A bill introduced in April to end the practice that gives Tennessee walking horses their distinctive gait brought the American Veterinary Medical Association (AVMA) and the American Association of Equine Practitioners (AAEP) to the Capitol last week to give a presentation on horse “soring.”
Anything with a name like that seems unlikely to be a happy experience, right? As it turns out, some walking horses don’t come by their high-stepping naturally or with the usual kind of training. Sometimes, it’s the result of kerosene, mustard oil and other irritants, as well as heavy boots, chains and collars, applied to the horses’ hooves and lower legs.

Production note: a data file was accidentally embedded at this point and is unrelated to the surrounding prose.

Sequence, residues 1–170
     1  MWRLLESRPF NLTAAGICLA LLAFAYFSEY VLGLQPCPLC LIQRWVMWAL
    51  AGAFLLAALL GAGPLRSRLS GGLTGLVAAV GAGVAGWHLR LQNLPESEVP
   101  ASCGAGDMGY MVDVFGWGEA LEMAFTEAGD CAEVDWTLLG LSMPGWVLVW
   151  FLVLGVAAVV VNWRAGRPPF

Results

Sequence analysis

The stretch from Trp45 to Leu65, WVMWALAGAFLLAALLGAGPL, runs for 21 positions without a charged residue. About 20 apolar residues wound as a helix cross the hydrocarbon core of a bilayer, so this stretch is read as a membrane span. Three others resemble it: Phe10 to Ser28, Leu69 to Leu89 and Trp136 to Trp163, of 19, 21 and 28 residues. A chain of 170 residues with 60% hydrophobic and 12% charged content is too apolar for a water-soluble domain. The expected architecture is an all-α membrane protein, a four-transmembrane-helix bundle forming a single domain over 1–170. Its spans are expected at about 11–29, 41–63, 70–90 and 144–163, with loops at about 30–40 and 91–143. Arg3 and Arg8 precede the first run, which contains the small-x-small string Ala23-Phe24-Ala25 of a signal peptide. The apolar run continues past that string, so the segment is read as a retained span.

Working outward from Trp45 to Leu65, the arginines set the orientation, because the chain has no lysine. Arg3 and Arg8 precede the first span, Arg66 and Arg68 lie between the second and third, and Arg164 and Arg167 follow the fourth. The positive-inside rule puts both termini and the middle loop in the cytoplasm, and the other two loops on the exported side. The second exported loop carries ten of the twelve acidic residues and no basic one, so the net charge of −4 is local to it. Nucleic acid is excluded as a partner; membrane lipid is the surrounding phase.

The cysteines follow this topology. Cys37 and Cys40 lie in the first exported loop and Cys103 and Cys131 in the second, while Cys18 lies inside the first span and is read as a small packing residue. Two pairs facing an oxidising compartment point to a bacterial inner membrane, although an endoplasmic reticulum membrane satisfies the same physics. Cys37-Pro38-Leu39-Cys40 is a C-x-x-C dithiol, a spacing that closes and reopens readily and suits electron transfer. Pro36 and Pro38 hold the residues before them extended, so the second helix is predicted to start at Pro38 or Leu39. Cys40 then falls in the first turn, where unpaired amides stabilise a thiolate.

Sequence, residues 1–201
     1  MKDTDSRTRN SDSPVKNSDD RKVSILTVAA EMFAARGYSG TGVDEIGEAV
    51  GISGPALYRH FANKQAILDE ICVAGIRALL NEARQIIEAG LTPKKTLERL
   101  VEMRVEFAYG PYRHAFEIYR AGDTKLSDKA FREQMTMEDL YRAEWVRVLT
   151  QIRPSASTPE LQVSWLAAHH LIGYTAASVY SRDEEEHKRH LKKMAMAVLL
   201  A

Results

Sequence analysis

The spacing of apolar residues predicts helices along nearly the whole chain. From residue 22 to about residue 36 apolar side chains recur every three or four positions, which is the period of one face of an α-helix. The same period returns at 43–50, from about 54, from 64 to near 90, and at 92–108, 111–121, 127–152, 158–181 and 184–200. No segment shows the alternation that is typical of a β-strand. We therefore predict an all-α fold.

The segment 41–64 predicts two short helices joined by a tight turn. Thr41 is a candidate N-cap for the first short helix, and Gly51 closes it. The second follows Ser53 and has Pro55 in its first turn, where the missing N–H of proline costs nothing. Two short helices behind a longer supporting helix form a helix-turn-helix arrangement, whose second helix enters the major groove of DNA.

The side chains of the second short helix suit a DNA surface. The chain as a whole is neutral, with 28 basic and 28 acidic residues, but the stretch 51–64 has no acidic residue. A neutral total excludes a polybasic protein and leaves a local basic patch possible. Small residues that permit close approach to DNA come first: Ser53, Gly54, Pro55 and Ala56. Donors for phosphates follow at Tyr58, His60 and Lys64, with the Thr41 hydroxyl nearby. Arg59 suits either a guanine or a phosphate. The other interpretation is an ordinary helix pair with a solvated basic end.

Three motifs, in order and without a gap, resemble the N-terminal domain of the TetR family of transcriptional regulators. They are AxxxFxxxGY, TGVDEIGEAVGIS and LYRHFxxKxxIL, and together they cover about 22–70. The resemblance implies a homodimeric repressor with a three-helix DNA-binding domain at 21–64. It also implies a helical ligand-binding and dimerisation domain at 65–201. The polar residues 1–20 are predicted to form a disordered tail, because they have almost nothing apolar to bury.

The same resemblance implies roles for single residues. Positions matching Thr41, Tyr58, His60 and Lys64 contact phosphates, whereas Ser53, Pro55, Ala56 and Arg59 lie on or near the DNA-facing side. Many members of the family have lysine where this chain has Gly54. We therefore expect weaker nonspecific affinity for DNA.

A personal note —
Habitat for Horses is here because you want us to be here. We are your hands when we guide a horse to safety. We are your tears when a horse takes its final breath. We are your smiles when a once skinny, broken spirited horse recovers and becomes adopted by a forever family.
We represent your heart, your love and your compassion for those horses that pass through our gate and into our hands.
Support us. Without your financial help, we couldn’t do this. Without the grain, the hay, the farrier, without the fuel, the medicines, the vets, the horses that come through our gates would have no future. I know money is tight, but the horses need us, and we need you.
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